Editors' pick: Originally published Oct. 24.
Don't say we didn't warn you.
We told you that insuring another 20 million people, thanks to the passage of the Affordable Care Act (ACA) in 2010, was going to be super expensive. So it shouldn't be a surprise that 2017 premiums are going up around a whopping 25%, based on numbers released at HealthCare.gov.
We told you that a bunch of insurers - like Aetna, Humana and UnitedHealth - eventually were going to drop out of this health insurance marketplace and that the brave souls that are staying are having a tough time covering their costs.
But if you are one of the 11 million people that the Obama administration is predicting will enroll starting this November 1, that's not much consolation.
Now granted, it's a great thing that so many more people have health coverage, including many young adults who can now stay on their parent's health insurance plans until 26.
But the financial side of it all clearly was not properly thought out. In some states, there is only on insurer available now, because the costs have forced the others to drop out. That lack of competition is not very good for the consumer.
Still, if you're participating, here are five things you need to know.
There's a New Deadline
The health care marketplace opens for its fourth season on November 1, 2016, and you have until January 31, 2017 to enroll. Last year, you had through February.
But if you want your coverage to be effective for January 1, you have to enroll before December 15, notes Robin Yenk, owner of RMJ Custom Benefit Solutions in Old Bridge, N.J.
If you wait until January 31, your coverage won't be effective until March 1.
If you miss the January 31, you can't get coverage from the Marketplace until next year.
So get off your tuckus and do this.
Pick a Plan, Any Plan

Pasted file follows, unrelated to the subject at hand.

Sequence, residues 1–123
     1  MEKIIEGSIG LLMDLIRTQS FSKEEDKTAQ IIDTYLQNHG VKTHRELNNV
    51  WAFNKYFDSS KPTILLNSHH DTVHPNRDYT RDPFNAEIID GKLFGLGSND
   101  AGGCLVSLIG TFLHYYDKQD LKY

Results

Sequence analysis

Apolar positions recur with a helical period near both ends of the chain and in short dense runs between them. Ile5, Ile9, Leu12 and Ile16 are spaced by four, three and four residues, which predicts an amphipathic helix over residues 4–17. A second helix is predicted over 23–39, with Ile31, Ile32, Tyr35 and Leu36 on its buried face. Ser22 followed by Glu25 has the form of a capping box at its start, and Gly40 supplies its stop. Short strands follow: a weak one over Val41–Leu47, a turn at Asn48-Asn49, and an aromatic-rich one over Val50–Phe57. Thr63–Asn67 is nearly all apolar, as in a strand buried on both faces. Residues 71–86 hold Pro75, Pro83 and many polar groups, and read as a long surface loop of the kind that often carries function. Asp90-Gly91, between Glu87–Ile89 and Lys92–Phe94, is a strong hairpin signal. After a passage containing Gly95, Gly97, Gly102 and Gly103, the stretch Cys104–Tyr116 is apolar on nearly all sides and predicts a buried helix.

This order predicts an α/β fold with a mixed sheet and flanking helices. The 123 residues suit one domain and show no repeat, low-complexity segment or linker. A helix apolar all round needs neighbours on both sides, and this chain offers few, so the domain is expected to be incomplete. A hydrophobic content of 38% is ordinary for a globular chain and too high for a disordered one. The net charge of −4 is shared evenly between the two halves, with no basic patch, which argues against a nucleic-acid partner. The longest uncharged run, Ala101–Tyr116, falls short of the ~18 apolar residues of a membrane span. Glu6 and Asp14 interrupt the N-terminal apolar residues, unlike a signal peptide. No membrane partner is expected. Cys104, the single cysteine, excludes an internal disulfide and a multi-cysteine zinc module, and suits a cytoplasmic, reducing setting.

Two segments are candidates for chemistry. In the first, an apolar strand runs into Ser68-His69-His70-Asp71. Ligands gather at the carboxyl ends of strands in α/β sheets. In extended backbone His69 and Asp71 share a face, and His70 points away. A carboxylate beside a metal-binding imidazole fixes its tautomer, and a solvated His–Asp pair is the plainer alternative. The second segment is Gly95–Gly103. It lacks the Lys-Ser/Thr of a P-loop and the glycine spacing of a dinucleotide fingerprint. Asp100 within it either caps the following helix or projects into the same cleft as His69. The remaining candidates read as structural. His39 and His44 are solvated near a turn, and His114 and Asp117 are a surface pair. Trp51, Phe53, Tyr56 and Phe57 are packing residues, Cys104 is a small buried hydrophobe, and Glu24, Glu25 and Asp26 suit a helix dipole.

Bronze, silver, gold or platinum.
As a refresher, a bronze plan basically has the lowest monthly premiums, but you will pay more at each doctor during each visit.
On the flipside, platinum plans - if they are even available in your state -- have the highest monthly premiums but lowest out-of-pocket costs when you go to the doc.
While many might gravitate to the lower bronze premiums, if you are on medication, make sure you pick a plan that has a prescription card.
If you are new to this, considering calling an insurance broker first. "People don't realize that most brokers will sell individual policies," says Yenk.
And definitely call if you're self-employed. "You will have more options with small group plans," she says.
So just get a quote -- because once you sign up for the ACA Marketplace it is really hard to get off it.
Apply for the Tax Credit
If you need help paying for all this, there is a tax credit available.
"We expect 40% of the uninsured will qualify for one of the many exemptions available," says Lisa Greene-Lewis CPA, communications manager and tax expert at Intuit. There are more than 30 exemptions that are based on different hardship scenarios like if your home was foreclosed or if your utilities were cut off.
So be sure to check out the TurboTax income estimator to see if you qualify for any of these exemptions. You then will receive a tax credit based on your income that will lower your health insurance premiums.
Big note, though: if your financial situation changes - for the good or bad - you must let the Marketplace know, and your credit will be adjusted accordingly. You don't want to owe them money at the end of the year because your situation improved and you didn't let them know to adjust your premiums, says Greene-Lewis.
Otherwise you can do some tax planning and adjust your taxable income on your own.
For instance, if it turned out you made more money that you than expected, consider contributing to an IRA to lower taxable income. Then maybe you will still qualify for a similar credit amount, says Greene-Lewis.
Your Last Resort.
If you decide you are going to take a shot and forgo health care coverage in 2017, you'll have to pay a penalty fee when you file your taxes in 2018, because the government wants everyone insured. That fee is either 2.5% of your household income or $695 per person - whichever is higher.
Now you still may say that it's just cheaper to relinquish the insurance and pay the fee. But what about that "God forbid" moment, where you need insurance and you don't have it?
So consider that fee your last resort.
Look, we get it. Health insurance is expensive and prohibitive, no matter where you get it. But the current system is all we have right now, and there's nothing more important than your health.